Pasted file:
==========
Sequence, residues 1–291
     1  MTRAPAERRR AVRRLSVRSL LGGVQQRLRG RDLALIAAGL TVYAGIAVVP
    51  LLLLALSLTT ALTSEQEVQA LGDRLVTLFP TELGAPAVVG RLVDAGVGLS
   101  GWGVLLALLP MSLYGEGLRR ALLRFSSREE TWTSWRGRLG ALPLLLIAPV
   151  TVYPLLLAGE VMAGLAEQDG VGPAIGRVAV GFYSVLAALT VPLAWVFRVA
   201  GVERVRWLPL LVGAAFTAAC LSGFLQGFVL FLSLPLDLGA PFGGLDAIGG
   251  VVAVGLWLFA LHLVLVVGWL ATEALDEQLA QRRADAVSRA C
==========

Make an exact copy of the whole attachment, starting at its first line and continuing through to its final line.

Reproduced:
Sequence, residues 1–291
     1  MTRAPAERRR AVRRLSVRSL LGGVQQRLRG RDLALIAAGL TVYAGIAVVP
    51  LLLLALSLTT ALTSEQEVQA LGDRLVTLFP TELGAPAVVG RLVDAGVGLS
   101  GWGVLLALLP MSLYGEGLRR ALLRFSSREE TWTSWRGRLG ALPLLLIAPV
   151  TVYPLLLAGE VMAGLAEQDG VGPAIGRVAV GFYSVLAALT VPLAWVFRVA
   201  GVERVRWLPL LVGAAFTAAC LSGFLQGFVL FLSLPLDLGA PFGGLDAIGG
   251  VVAVGLWLFA LHLVLVVGWL ATEALDEQLA QRRADAVSRA C